A short distance from the top of the pass a rill ‘about three feet broad and a few inches deep’ issued ‘from underneath an insulated block of mica slate’. In front of the rock a low wall of loose stones formed three sides of a quadrangle with the side next to the stream left open to allow access to ‘its presiding genius, Byas Rishi, of whom a small image, about a foot and a half high, stood against the wall nearest the rock’. Although sculptured out of hard stone, the image was ‘much worn, apparently by time and exposure’. Within the walls of the shrine ‘strewed flowers’ were left as offerings to the Rishi. In August 1820, the pioneering veterinary surgeon and Himalayan explorer William Moorcroft, together with his companions George Trebeck and Dr Guthrie, oversaw the construction of a small pile of stones. This was to serve ‘as a memorial of the first visit paid by a European to the source of the Byas’.
Leaving the shrine to Beas Rishi, Moorcroft ascended the few hundred additional feet to the ‘ghat or pass of Ritanka Joth’. Trebeck’s barometer tube measured the altitude to be 13,300 feet (4053 meters). The party continued north, crossing from Kullu into Lahoul. Moorcroft’s caravan was made up of several hundred porters, an escort of 12 Gurkas, sixteen horses and mules, and £4,000 of trading goods and examples of European production with which Moorcroft hoped to establish political relations and commercial ties with the people of Turkestan. To do so, Moorcroft had to cross several hundred miles of ‘barren and uninhabited waste’. His journey from Sultanpur (then capital of the Kullu Raja), over the Rohtang Pass to Keylong and the Baralacha La (‘equal in altitude to the summit of Mount Blanc’) was recorded on this map.
Moorcroft spent the next five years travelling throughout the Himalayas, Afghanistan and Central Asia, eventually reaching Bukhara, in present-day Uzbekistan. He was reported to have died shortly afterwards – possibly of fever or possibly by poisoning. Some say, however, that this native of Ormskirk in Lancashire lived on for another twelve years in the Tibetan capital at Lhasa. I’d like to think this is true.
Following Moorcroft visit, it was to be another ten years before another European traveller made the journey between Kulu and Lahoul. One of three brothers from Aberdeen who had made the exploration of the Western Himalayas something of a family business, Dr. James Gerard’s account of his Observations on the Spiti Valley and Circumjacent Country within the Himalaya’ culminates with his crossing the ‘pass of Rotang’ This ‘depression of the Himalaya’ was, by Dr Gerard’s estimate, ‘as low as thirteen thousand feet,’ (Gerard, J.G., 1833: 275).
The next European traveller along this route was the somewhat shady Dr John Henderson. With an East India Company arrest warrant issued in his name, Henderson had slipped over the Sutlej and made his way through Kulu and on to Ladakh and eventually Kashmir. Understandably given the circumstances of his travels, the detail of Henderson’s journey go unrecorded. There do however exist the reminiscences of those he met along the way and his name is remembered by later explorers of the region: Alexander Cunningham lists Henderson among the ‘three different travellers’ who had visited the source of the Beas prior to his own first visit in 1839.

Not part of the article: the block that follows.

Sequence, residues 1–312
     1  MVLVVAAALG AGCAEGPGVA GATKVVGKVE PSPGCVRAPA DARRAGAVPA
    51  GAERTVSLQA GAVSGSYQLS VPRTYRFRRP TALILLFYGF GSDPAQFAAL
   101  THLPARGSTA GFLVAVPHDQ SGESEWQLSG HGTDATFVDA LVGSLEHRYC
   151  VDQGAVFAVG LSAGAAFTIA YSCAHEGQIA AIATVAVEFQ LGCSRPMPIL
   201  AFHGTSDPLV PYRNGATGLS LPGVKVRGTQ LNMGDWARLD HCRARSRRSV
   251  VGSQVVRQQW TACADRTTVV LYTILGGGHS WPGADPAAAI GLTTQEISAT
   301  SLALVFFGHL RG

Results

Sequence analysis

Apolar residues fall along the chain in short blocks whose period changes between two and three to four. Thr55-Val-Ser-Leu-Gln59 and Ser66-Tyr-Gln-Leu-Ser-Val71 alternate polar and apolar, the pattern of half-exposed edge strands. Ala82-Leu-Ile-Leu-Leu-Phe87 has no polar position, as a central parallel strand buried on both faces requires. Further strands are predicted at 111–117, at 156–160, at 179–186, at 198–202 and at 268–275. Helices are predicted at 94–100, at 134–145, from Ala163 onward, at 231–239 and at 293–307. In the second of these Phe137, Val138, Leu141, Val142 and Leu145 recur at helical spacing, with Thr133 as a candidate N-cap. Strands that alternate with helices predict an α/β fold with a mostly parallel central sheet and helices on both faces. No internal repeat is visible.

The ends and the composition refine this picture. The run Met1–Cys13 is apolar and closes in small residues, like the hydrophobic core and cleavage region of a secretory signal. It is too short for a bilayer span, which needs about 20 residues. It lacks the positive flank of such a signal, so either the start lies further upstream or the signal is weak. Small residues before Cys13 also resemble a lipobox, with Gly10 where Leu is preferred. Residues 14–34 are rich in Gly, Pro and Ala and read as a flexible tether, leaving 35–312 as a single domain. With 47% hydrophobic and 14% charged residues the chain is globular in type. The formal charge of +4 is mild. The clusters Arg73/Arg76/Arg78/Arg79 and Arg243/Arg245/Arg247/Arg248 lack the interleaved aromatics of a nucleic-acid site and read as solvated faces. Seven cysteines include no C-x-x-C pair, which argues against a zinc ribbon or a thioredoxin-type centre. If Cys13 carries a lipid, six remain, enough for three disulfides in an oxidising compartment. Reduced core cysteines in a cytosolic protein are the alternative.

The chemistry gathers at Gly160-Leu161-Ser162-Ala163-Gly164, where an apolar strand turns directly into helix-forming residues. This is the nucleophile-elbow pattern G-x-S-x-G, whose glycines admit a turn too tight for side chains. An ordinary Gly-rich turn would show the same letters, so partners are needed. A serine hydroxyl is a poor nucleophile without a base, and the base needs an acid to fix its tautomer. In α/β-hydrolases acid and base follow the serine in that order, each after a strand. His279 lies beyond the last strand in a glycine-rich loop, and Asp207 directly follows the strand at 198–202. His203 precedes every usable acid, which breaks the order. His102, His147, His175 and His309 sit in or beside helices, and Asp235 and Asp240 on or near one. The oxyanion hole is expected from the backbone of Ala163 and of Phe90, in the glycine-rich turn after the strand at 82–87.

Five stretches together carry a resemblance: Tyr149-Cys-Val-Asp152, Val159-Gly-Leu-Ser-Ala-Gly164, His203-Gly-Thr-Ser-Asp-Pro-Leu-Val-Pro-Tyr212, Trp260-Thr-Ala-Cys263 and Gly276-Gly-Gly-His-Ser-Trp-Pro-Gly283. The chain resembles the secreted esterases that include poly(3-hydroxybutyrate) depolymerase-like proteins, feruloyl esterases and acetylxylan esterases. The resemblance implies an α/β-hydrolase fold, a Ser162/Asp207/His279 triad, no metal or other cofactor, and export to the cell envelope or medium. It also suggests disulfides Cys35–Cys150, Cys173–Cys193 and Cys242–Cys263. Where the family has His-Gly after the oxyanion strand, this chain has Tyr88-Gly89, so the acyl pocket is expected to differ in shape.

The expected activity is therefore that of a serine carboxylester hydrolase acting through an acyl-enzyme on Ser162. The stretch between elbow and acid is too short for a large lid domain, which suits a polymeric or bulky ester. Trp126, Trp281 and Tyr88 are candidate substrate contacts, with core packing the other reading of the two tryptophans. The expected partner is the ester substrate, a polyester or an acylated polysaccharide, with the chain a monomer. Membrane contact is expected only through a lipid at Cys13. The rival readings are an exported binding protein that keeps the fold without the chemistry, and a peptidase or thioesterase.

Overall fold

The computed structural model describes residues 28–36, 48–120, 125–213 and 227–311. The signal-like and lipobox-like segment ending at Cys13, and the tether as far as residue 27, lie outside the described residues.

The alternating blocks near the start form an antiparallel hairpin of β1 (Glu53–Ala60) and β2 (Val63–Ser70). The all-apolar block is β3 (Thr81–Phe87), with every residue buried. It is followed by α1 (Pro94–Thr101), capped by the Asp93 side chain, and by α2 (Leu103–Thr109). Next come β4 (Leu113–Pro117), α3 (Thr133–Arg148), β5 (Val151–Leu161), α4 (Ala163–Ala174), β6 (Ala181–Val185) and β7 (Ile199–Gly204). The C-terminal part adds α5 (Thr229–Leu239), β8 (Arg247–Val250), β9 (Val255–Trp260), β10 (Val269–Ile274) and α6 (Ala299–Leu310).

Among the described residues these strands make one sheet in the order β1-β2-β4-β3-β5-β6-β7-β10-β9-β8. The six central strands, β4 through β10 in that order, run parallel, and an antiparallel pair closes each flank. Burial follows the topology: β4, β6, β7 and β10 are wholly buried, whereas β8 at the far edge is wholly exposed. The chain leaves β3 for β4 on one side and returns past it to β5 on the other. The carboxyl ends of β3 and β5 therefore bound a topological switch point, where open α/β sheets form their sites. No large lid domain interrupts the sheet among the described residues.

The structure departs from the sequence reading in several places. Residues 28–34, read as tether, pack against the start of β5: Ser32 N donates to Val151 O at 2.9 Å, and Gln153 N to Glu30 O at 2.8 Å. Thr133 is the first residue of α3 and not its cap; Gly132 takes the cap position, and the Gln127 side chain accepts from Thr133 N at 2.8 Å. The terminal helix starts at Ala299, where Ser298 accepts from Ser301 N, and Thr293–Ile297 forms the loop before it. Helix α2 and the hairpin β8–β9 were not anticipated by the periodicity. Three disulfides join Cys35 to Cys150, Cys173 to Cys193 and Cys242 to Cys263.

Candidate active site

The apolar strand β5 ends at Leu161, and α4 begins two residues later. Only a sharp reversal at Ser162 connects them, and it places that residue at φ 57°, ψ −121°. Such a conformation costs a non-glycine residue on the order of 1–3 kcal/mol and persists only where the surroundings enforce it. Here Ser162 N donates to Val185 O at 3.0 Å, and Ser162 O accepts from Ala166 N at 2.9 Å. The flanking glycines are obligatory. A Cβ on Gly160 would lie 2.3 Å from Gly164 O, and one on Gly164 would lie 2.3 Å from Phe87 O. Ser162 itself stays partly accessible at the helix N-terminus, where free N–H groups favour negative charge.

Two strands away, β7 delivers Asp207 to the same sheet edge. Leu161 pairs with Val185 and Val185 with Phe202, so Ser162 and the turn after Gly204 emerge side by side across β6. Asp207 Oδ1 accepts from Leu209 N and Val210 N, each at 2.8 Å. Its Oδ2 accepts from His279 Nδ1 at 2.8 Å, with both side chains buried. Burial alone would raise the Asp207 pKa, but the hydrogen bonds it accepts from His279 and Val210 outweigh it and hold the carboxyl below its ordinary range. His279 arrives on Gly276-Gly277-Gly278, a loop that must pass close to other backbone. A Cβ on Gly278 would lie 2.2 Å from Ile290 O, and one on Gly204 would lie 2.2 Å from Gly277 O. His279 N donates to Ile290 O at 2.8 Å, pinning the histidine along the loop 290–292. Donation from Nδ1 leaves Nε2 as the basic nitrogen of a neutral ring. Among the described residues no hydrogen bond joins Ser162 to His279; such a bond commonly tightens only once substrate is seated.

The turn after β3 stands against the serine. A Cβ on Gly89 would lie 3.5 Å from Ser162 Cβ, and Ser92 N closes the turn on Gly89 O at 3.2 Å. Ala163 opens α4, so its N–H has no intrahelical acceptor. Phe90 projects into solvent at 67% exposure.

Carried out in the rainy season of 1839, the object of Cunningham first journey into the Himalayas was ‘to ascertain the sources of the Punjab rivers’. Cunningham was further tasked with collecting ‘every kind of information that we thought might be useful and interesting regarding the countries through which we were to pass.’ (Cunningham, Alexander, 1841a: 1). Reaching the source of the Beas on the 7th of July, Cunningham and his travelling companion Lieutenant Broome located the block of mica slate mentioned by Moorcroft:
‘On the top of this block we built a pile of stones, and in the midst erected a slab on which we inscribed our initials…. The heat and glare reflected from the snow were intolerable, and our faces were completely blistered. From this the view of the snowy peaks of Tartary, the land of undissolving snow, was extensive and beautiful. Three thousand feet beneath us rolled the Chundra river, which even there was a deep stream, 100 feet wide; and on all sides was dazzling snow, from the midst of which towered the gigantic mountains’ (Cunningham, Alexander, 1841a: 4)
Following the first Anglo-Sikh war, Cunningham made further exploratory visits to the ‘Tibetan frontier of Ladak’ as part of a border commission deputed ‘to ascertain the ancient boundaries between the two countries, and to lay down the boundary between the British territories and those of Maharaja Gulab Sing’ (Cunningham, Alexander, 1854, P13). Given their task Cunningham’s second account of his crossing of the Rohtang Range is predictably filled with factual data:
‘The ascent from Lés-dhar to the top of the Pass was gentle and easy. There was no snow on the Pass, and we were able to trace the Byas river to its actual source, 300 yards beyond the block of mica slate noticed by Moorcroft, to a ridge of mica slate at the top of the Pass, from beneath which it trickles forth in a gentle rill… The Pass in 13,000 feet above the sea. The descent from the top of the Pass to Koksar, the first village in Lahul, was steep but easy; the distance about 5 miles.’ Cunningham, J.D., 1848, P211
After the external borders of the district had been determined, efforts began apace to ‘settle’ the revenue due payable by landholders and peasant farmers of the territory. George Carnac Barnes assessed the ‘wild and mountainous’ country of Kulu and Lahoul during the hot weather and rains of 1850 as part of his Regular Settlement of 1850-52. However the bulk of Barnes’ efforts concentrated on ‘Kote Kangra’ or ‘proper Kangra’. Only with James Broadwood Lyall’s Revised Settlement (1865-72) were Kulu and Lahoul given the same level of attention.